I recently booked to attend a ‘Black Tie and Posh Frocks’ Party at Holiday Inn Kensington Forum through a multi-activity group I am a member of. This review is of my experience staying at the hotel, and dining in their function rooms. LOCATION, LOCATION, LOCATIONThe hotel is based at 97 Cromwell Road which is just a few minutes walk from Gloucester Road tube station (Piccadilly, Circle & District lines). Strangely however the main entrance is actually on Courtfield Road which runs parallel. Basically turn right out of the tube, right again and you will see it on the skyline – it has 27 floors. Nearby are a few local shops such as a small Waitrose and Tesco, and several small restaurants. You are close to the Victoria & Albert museum, Earl’s Court exhibition centre and Kensington gardens; all of which are in walking distance. CHECK INYou enter through big swing doors to a massive, airy lobby with a long check in desk down one side, and a bar and coffee shop on another, with plenty of seating.The check in process was a disaster. You can supposedly check in at 2pm, I arrived at 4.15 and there were only two receptionists working on the lengthy front desk, bothing dealing with other guests. I waited patiently as a queue built up behind me. A lady from the Business Desk came and asked me to go with her. We trekked across the massive lobby and round the corner and she tried to check me in. It was a slow process as their system logged her out and we had to wait and then my room wasn’t ready as it was still being cleaned, so they tried to get me another but as the hotel was full they did not have anywhere else to put me. After twenty minutes I managed to get checked in and headed back to the lobby where friends who had checked in before me were finishing cups of tea and wondering what had happened to me. THE ROOMMy twin room was on the 16th floor. Sadly we had a North facing room, but those with a South facing room got a lovely view out across London and various landmarks. The room is quite simply furnished – there is a built in wardrobe as you go in on your left – those awkward hangers that I can never get off/on properly There is also a dressing table/desk with flat screen TV. For me there were not enough power sockets: in this digital age, someone always needs to be charging their phone, plus I needed to use tongs before I went out, so it involved some juggling. Each bed has two pillows (choice of soft or firm), a duvet, overhead light and bedside table. Windows are large and span the width of the room for natural light (should the sun have bothered to show up). Supplied bits and bobs include and iron and ironing boards, basic tea and coffee making facilities and an un-powerful hairdryer under the dressing table. There was space for a fridge but it was empty. The bathroom is to the right as you come in and contained a sink, WC, and shower over a bath. One set of towels were in the room, the spare set were in the wardrobe. They also supplied face cloths which many places don’t seem to do. Freebie toiletries include a bath/shower gel and shampoo as well as a little soap. FUNCTIONSAs I mentioned above I was here to attend a private function, which was held in the Lennon suite on the 1st floor. Our room held eleven tables of ten quite comfortably with a bar area, DJ and dance floor. The bar area was quite compact, it wasn’t a fixed bar, just some tables in the corner of the room, and upon arrival there were two men working behind it, I saw a friend leaving as there were only limited wines available and they were going to purchase a bottle from the downstairs bar. I ordered a rose wine for a friend (£20.35 per bottle) but the bartender had to go and fetch it, which was quite a wait. At this point I was not impressed with the waiting around I had done in this hotel. However he did let me have the glass of Run Punch for free (usually £4.50) so I let him off on this occasion! Later in the evening there was just one person behind the bar and he was very efficient remembering regular orders. The meal was a set menu – I had the veggie option. For meat-eater they had a liver pate with a salad garnish to start. It seemed a generous portion and I didn’t see much get left. My starter was a goats’ cheese salad with olives, tomatoes, lettuce and cucumber. It was tasty and also a good size, although if I were to be picky I would say there were too many chunky pieces of cucumber, but that is just my personal preference. For mains there was chicken with new potatoes, carrots and mange tout. There appeared to be a small amount of gravy with it but the consensus was this it was too dry. I had a mushroom risotto which, as far as I could tell, had the contents of no more than one mushroom in it. I left the final two-thirds of the plain risotto as it was a bit boring. The risotto was garnished with parmesan, which isn’t vegetarian, so I moved that to one side. Dessert was more successful being a cheesecake with berry compote. The DJ was a private hire and not connected to the hotel, but the hotel rules state that all music must finish at midnight. Outside the function suite was a cloakroom for those not staying at the hotel and lavatories. The Ladies’ loos were clean and well stocked of all the necessary supplies. I think there were about 5 cubicles but I never had to wait, even thought they were supposedly busy. Either I timed it right each time or there were plenty of other lavatories on the same floor. BREAKFASTBreakfast is also served on the 1st floor and the room can be spotted from the lift. We gave the man our room number and we were seated. There is a large buffet area in the middle. One section was for cols items – Danish pastries, breads, cheese/meats, cereals, fruits salad, a range of juices etc. I had a couple of glasses of their fresh orange juice – nice and chilled, fresh yet not too bitty that it left a residue around the rim of the glass. There was also apple, cranberry and one other flavour of juice. I started with some fresh fruit - orange segments, pineapple, grapefruit and melon were all present and correct, with yoghurt if you wish. I finished off with a visit to the hot buffet where perfectly cooked fried eggs, hash browns, mushrooms, fresh tomatoes, baked beans, sausages and bacon awaited you, all freshly cooked and hot. Although self-service it was attended by a chef who kept an eye on everything for you. There was also an omelette bar, cooking to order. OTHER FACILITIESThe hotel has a business centre, and various meeting rooms/conference facilities. There is wi-fi available in public areas, but my friend said it was expensive, so I didn’t investigate further. There is a fitness centre here, I didn’t visit it but I gather it contains gym equipment; there is no pool or sauna. In the lobby, there is a bar and café area selling alcoholic drinks, teas/coffees etc as well as some snacks. I didn’t dine in the restaurant, so I cannot comment on prices or standard of food (I would hope it was better than the function suite). After our function we went to the ‘tavern’ downstairs for drinks. It is a large room made to look like the inside of a pub. There isn’t a great deal of atmosphere here and it shuts at 2am. I believe snacks can be purchased here, but I don’t recall seeing any. A round including a glass of wine, a vodka and mixer plus a pint of lager came to just shy of £15.There is parking onsite – although at £33 per day, you may wish to get the train! CHECK OUTChecking out time is a civilised 12 noon. As we exited the lift a member of staff took our electronic key cards and wished us a safe onward journey. Although I found I had to wait for service quite often at this hotel, all the staff were polite and apologetic, and no one was ever rude.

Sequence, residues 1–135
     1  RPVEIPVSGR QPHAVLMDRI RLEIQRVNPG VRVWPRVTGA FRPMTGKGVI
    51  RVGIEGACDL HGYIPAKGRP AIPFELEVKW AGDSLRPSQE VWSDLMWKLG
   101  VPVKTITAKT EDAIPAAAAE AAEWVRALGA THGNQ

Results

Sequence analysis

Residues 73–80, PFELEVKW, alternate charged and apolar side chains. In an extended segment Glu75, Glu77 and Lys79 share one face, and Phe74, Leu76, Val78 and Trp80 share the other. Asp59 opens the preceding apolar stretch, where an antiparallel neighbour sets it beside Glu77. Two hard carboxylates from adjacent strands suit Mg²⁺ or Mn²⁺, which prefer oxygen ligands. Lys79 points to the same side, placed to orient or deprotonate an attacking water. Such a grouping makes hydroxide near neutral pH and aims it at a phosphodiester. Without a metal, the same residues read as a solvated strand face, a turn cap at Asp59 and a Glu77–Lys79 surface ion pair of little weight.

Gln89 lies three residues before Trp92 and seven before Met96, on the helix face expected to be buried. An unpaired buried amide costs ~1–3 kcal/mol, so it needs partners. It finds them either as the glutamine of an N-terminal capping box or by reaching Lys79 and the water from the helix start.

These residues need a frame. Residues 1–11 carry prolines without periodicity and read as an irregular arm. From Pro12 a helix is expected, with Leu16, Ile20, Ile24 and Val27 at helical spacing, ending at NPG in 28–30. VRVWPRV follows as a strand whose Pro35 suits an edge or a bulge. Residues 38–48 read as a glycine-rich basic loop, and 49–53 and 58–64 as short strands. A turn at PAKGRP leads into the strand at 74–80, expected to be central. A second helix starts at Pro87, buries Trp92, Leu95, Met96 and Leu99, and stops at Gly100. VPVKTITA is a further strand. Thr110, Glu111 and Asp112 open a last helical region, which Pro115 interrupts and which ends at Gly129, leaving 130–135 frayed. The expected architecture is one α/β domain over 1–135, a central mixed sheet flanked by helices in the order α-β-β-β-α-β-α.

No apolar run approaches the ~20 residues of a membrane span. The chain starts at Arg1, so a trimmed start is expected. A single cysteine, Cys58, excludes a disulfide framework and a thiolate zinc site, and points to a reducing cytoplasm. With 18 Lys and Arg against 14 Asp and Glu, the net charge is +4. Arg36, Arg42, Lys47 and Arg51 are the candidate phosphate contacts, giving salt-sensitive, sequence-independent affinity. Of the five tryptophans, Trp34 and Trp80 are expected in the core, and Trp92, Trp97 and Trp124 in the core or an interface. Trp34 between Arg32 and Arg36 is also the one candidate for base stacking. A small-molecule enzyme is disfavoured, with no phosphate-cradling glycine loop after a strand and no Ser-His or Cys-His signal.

by Essexgirl09 on February 4, 2013